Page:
ALSO SEE  Two-tone fudge: Chocolate & butterscotch (1968)

Antique canister of Hershey's Cocoa

Vintage Hershey’s cocoa fudge recipe as printed in 1979

Vintage Hershey's cocoa fudge recipe 1979

ALSO SEE  Two-tone fudge: Chocolate & butterscotch (1968)

If you liked this post, please share it! You can also get our free newsletter, follow us on Facebook & Pinterest, plus see exclusive retro-inspired products in our shop. Thanks for visiting!

More stories you might like

Check out our books!

25 Responses

  1. It is a must to let the fudge cool to 110’ so it won’t be grainy and wil set up to perfection!!
    This is the original Hershey Cocoa Fudge recipe

  2. I remember this recipe from the 1960’s. I believe my mom used evaporated milk since it was always in the house more so than actual milk.
    I remember it being hard but manageable to eat. It was shiny on top and dull underneath.
    It was so delicious and ruined me for fudge today which is soft.
    I’m quite sure she didn’t use condensed but I could be wrong.
    I did make it yesterday and used a cup of evap and the rest half n half.
    It came out delicious but softer than I remember.
    I would lessen the sugar a little as evap is sweet.

    1. I do exactly like it says but I use whole milk. I also add a little peanut butter and black walnuts to mine. My sister half’s the recipe if you don’t want to make a full batch but normally I do because I make At Christmas or on Valentines. Do you use a wooden spoon, I don’t ….never have, do you know why they suggest a wooden spoon?

  3. Taking forever to get to soft ball stage. Have no thermometer so doing water test. Had no problem getting to boil and reducing it to simmer even on electric stove. Has to be simmering an hour by now! If it makes it, may be midnight before done. Never made candy before. Very discouraging

    1. If you are not a very experienced candy maker. You must have a thermometer. My mother never did. But she never made it soft enough to eat after it dried beyond an hour.

      I have made it several times. In fact, I made it tonight. I forgot to stop stirring at the boil stage. Overstirring at the boil stage made it very taffy like. Still yummy though

      1. Have made this since the sixties….a little hint is to slightly butter the sides of your saucepan so the sugar crystals won’t stick and make the fudge crystaline. And don’t stop beating until it loses its gloss! Get a partner to help unless you like sore arm muscles.😁
        Sixty year old grandad….God bless!

  4. My mother made this plus the peanut butter fudge and brown sugar fudge her’s was perfect she always used her old class plates and used butter on the plates and put it in the fridge and kept in there for hours for Christmas. The fudge was outstanding loved it .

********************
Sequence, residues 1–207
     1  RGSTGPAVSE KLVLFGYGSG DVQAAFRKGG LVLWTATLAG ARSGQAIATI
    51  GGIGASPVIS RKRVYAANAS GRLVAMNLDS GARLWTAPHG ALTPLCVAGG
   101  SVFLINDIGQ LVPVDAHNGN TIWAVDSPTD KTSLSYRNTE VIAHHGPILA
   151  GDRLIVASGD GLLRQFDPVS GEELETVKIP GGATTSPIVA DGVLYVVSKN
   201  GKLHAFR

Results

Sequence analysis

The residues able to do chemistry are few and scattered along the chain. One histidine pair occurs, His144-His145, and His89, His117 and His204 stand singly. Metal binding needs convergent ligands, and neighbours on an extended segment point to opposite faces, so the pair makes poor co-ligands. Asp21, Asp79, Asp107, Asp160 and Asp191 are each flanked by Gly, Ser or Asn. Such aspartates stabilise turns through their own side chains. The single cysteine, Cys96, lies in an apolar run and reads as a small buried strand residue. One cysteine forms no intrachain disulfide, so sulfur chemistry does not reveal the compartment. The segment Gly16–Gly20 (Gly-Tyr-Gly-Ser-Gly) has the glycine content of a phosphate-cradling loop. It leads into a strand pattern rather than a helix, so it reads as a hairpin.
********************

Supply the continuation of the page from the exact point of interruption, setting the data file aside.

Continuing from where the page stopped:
1. Patty, what are “class plates”? Please explain what you mean by “she used butter on the plates and put it in the fridge”.


      1. I think maybe she meant “glass”. I also do the butter on the plate method not really sure why , it’s just how my mom always did it. Maybe so it doesn’t stick , I’m not sure.

  5. I have tried twice with the same result, it setting up in the pot. I follow temps exactly. Fudge is crunchy but tastes good. Apparently I am stirring too long but I only stirred 4.5 min the last time. What do I do?

  6. This recipe is fabulous, tastes just like the fudge my father used to make in the 70’s, brings back many wonderful memories! Unlike Dad, though, I use a stand mixer instead of a wooden spoon to beat it until it loses its gloss. It still takes 10 minutes or so on low to medium speed. You must act quickly and pour it into your already prepared pan..it starts to set up fast. I make a double batch in a six quart, high-sided stock-pot. The mixture greatly increases in volume as it boils and you don’t want a messy boil-over!

  7. This fudge is the best. Do NOT substitute ingredients ever. Low boil 234 degrees. Usually 1/2 hour. Remove from heat. Add butter and vanilla. Let it cool. Stir till it starts to lose gloss. Put into buttered pan quickly!

  8. This fudge takes me back to when I was 12 years old!! I just turned 78. I am never without
    Hershey’s Cocoa. I make fudge “when the mood hits”! I make hot chocolate by the cup several times a week. I am thankful that I am still well and healthy enough to make my own Hershey’s Fudge and Hot Chocolate!

  9. My mother could make this, my husband could make it too. Me? It either comes out as a weapon or ice cream sauce. Themometer or water, makes no difference. I just can’t do it!

Leave a Reply

Your email address will not be published. Required fields are marked *

This site uses Akismet to reduce spam. Learn how your comment data is processed.

Because the fun never ends:

Join the fun

Don’t miss out on the latest and greatest vintage stuff!

Sign up for our free weekly newsletter here.